If you're planning to travel to Mexico in July, you should be aware that this is generally the wettest month of the year through central and southern Mexico. It's rainy season, so don't forget to pack a raincoat or umbrella. It generally rains in the afternoons and evenings, but daytime is often sunny and fairly dry, so there's a good chance the rain won't interfere with your sightseeing plans. Mexican schools have their summer holidays during this month, and a lot of Mexicans may be vacationing with their families, so it's a good idea to make travel arrangements in advance if you're traveling to Mexico in the summertime. Read on for the most noteworthy festivals and events taking place in Mexico this month.
The traditional dances of the different regions of Oaxaca state take center stage at this colorful cultural festival. People come from all over the world to attend the celebration, sometimes referred to as the Lunes del Cerro (Mondays on the Hill), because it takes place on the last two Mondays of July in an auditorium on a hill overlooking Oaxaca de Juarez city. Many other activities take place in the region during the two weeks surrounding this festival, including a mezcal fair.
The colonial mining town of Guanajuato is home to one of the largest film festivals in Mexico and one of the most important in Latin America. The festival was originally known as Expresion en Corto, and its focus is on short films, videos, and documentaries. Films are shown at various venues in Guanajuato city as well as nearby San Miguel de Allende. Admission is free for all screenings and events.
A week of festivities commemorating Mexican revolutionary icon Francisco "Pancho" Villa is held in the historical figure's home state of Chihuahua, during the week commemorating his death on July 20, 1923. The celebration culminates in the Cabalgata Villista, a horseback riding adventure that takes participants from Chihuahua to Hidalgo del Parral, covering 136 miles.
Ride your bike through Mexico's main wine producing region, the Guadalupe Valley in Baja California state. Along the way, you’ll pass by 25 wineries in the heart of the valley where the sweet smell of grapes blends with the cool Pacific breeze while the sun warms the rural landscape. The finish line is located at Rondo del Valle vineyard, where you can celebrate your accomplishment at a wine festival, sampling some of the best varieties of the area and enjoying local food and music.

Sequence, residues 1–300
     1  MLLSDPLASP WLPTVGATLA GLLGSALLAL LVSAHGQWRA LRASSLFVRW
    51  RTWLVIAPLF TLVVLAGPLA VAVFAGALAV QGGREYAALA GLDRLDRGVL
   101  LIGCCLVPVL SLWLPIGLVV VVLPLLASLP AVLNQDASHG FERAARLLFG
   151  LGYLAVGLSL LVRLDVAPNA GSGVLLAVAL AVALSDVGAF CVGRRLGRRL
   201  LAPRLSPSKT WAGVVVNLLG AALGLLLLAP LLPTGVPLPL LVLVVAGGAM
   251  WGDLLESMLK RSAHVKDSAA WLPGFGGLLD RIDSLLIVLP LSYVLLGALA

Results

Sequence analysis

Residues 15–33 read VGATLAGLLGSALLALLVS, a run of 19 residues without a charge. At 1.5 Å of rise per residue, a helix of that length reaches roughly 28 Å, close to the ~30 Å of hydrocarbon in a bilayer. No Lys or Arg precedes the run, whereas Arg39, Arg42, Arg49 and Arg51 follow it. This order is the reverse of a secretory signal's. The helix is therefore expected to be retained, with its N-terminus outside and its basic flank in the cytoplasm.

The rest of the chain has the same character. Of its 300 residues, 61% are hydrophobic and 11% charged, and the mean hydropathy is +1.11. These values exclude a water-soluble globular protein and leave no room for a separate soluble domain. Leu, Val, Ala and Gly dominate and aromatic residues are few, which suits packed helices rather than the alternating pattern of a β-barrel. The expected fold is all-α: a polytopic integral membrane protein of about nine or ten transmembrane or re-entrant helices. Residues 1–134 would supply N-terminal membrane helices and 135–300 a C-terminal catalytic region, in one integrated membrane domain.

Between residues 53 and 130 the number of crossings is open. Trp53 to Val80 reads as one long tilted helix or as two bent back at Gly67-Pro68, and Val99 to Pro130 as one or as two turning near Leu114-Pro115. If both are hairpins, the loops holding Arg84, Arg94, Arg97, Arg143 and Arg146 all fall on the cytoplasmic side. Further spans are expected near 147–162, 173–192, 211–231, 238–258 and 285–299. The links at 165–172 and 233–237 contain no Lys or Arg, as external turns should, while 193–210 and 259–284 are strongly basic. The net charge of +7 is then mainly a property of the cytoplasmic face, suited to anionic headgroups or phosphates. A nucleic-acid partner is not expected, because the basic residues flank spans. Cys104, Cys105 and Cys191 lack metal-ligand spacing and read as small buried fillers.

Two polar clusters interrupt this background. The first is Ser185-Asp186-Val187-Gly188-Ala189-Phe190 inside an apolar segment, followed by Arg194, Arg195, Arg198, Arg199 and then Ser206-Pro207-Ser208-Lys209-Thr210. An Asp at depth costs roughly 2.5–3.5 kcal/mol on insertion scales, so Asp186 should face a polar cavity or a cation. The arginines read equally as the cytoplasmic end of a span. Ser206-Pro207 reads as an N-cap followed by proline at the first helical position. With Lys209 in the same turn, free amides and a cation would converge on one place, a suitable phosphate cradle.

A great number of whale sharks make the area north of Isla Mujeres on the Yucatan Peninsula their home over the summer months. This family-friendly festival showcases local culture and cuisine and allows participants to enjoy some of the water activities that have made this small island a favorite vacation spot: sportfishing, diving and snorkeling tours of the pristine reefs, and of course, swimming with whale sharks, the largest fish in the world and an endangered species.
Durango state's ranching and agricultural roots are celebrated in their state fair with equestrian events, charreadas (Mexican rodeo), and other cultural activities, as well as pop music concerts. Some of the performers who appeared in past years include Jesse & Joy, Napoleon, Pepe Aguilar, Cristian Castro, and Enrique Iglesias.
If you've always dreamed of crushing grapes with your feet, this is the perfect opportunity to do so! Wine producer La Redonda in the central Mexican state of Queretaro hosts their grape harvest festival in the second half of July. Your admission fee includes a wine tasting, commemorative glass, and the chance to feel grapes between your toes.
The sky above the magical town of Patzcuaro in Michoacán state fills with a host of giant paper balloons in the annual paper lantern festival, Cantoya Fest. Local artisans demonstrate their creativity and mastery of the craft and compete for a variety of prize in different categories. Although this craft certainly has Asian origins, for the Purépecha people in Michoacán, it is an important recreational activity that reinforces community bonds.
Festival Internacional de Folclor (International Folklore Festival)
The city of Zacatecas hosts their week-long international folklore festival every year beginning on the last Sunday of July. With the participation of 20 different countries and 10 Mexican states, this festival offers varied representations of culture and traditions in dance, crafts, and cuisine.